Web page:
Twenty Second Day of Advent

Some flowerpot robins from The Bright Surprise for Little Eyes, published in London by the Sunday School Union, 1884.


We are so used to associating robins with Christmas that I doubt we ever give much thought as to why this is. As with all such questions there are many answers. However, one thing we do know is that the Victorian postman’s uniform was bright red (up until 1861) and that postmen were nicknamed “Robins” because of their red attire.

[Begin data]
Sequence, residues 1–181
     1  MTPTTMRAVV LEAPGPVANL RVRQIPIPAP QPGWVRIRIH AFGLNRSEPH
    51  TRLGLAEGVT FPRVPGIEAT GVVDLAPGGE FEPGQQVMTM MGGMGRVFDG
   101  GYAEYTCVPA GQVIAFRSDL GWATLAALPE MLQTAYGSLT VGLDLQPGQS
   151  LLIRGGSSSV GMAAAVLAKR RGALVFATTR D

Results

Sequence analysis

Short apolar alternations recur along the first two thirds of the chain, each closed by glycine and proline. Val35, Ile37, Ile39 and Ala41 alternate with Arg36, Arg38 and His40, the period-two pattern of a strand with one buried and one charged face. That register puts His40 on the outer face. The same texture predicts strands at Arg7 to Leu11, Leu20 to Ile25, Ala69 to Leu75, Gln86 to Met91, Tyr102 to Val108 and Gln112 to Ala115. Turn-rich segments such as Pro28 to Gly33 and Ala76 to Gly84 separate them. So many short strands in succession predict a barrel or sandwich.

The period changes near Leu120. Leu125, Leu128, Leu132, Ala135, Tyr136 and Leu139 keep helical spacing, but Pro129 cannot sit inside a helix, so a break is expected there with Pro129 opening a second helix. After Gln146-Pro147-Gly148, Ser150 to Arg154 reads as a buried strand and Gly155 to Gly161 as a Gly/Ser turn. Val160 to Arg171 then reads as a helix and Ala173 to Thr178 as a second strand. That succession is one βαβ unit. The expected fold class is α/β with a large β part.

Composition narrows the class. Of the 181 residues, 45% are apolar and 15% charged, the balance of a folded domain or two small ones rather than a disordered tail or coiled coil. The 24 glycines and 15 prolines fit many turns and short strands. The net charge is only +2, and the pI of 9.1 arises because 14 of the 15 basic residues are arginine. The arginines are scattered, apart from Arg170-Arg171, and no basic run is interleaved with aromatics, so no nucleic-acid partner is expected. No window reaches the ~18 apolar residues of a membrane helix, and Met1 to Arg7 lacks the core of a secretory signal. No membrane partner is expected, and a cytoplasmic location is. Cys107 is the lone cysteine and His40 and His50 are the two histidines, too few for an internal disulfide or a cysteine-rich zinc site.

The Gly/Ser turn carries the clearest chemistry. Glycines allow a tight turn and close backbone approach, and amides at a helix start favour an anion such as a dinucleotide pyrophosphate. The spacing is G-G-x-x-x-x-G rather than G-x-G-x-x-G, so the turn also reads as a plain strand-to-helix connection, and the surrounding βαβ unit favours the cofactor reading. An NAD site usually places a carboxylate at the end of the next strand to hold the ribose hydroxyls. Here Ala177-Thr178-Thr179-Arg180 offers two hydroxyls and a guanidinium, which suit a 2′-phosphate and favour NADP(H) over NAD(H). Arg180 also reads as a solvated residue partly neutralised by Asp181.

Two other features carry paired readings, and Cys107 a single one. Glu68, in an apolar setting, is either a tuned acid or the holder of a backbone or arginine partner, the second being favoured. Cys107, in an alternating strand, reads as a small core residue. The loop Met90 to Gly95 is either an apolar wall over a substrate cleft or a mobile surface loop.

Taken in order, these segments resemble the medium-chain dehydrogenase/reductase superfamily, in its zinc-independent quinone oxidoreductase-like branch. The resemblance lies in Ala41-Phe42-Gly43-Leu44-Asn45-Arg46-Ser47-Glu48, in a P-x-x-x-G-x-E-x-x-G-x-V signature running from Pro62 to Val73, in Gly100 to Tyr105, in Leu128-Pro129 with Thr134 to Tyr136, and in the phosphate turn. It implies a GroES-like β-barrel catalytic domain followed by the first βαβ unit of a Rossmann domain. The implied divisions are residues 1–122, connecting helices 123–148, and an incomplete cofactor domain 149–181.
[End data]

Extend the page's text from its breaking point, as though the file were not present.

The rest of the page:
Given that, as mentioned in our Thirteenth Day of Advent post, Christmas cards took off in the early 1840s, following the introduction of the Penny Post, it’s easy to see how an association was formed in the popular imagination between postmen “Robins” and Christmas. Add to this that many Victorian illustrators started depicting an actual robin as postman, delivering your Christmas card in its beak, and we can understand how the link was forged. 




#victorianchildrensbooks #victorianchristmas #adventcalendar #victorianpicturebooks #advent #childrenspicturebooks #victorianillustration #victorianillustrators #robins

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